International Journal of Exercise Science 13(6): 470-479, 2020. The counter-movement jump (CMJ) is frequently utilized by strength and conditioning professionals working with athletes, given its relationship to a multitude of performance variables associated with success in sports. PURPOSE: To examine characteristics of CMJ performance between NAIA and NCAA Division I male and female athletes. METHODS: Archival data for 275 student athletes from two NCAA Division 1 universities (NCAA DI; males = 84, females = 74) and one NAIA university (NAIA; males = 66, females = 51) were utilized for this analysis. The CMJ was performed utilizing a dual single axis (Pasco PS 2141 plates, sampling rate 1000hz unfiltered) force platform system. A 2 x 2 multivariate analysis of variance (MANOVA) was used to determine whether significant differences in the three dependent variables of VJ height (cm), concentric RPD-100ms, and peak power existed between athletes at different playing levels. RESULTS: A MANOVA revealed significant differences based on sex and competition level in the dependent variables measured (Wilk’s Lambda = 0.908, F(3,259) = 8.732, p < .001, partial η2= .092). DISCUSSION: The findings of this study revealed that females at the Division I level achieved significantly greater jump heights, peak power and concentric RPD-100ms compared to females at the NAIA level. Division I males displayed significantly higher peak power than their NAIA counterparts.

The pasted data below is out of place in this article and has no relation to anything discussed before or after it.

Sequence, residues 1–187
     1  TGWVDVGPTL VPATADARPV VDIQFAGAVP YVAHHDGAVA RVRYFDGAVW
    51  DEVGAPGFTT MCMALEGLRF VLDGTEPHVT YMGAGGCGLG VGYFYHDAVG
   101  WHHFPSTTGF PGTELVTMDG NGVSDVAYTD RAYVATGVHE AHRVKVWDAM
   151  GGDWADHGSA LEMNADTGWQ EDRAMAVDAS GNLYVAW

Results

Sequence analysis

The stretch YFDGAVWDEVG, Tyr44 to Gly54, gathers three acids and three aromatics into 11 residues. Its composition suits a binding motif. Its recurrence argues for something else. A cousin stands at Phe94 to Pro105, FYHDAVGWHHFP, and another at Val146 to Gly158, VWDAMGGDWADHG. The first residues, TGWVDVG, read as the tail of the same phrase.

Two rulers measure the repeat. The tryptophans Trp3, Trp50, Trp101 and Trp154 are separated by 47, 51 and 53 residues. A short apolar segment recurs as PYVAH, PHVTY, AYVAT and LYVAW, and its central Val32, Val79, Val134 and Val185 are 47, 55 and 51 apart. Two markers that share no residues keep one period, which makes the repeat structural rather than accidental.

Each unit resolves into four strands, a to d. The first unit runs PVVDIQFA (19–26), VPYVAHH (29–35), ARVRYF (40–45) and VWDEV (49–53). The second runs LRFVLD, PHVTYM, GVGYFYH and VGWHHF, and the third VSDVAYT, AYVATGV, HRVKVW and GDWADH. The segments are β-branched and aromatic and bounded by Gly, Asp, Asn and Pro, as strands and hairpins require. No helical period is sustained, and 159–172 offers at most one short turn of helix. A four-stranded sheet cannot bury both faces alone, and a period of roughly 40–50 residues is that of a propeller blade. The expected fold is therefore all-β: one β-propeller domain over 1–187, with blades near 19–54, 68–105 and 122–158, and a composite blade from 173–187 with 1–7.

Stahl, Cody A.; Lindsay, Keston G.; Mann, J. Bryan; Hunt, Margaret; and Dawes, J. Jay
"A Comparison of Lower Body Power Characteristics Between Collegiate Athletes from Different Competition Levels.,"
International Journal of Exercise Science: Vol. 13
6, Pages 470 - 479.
Available at: https://digitalcommons.wku.edu/ijes/vol13/iss6/8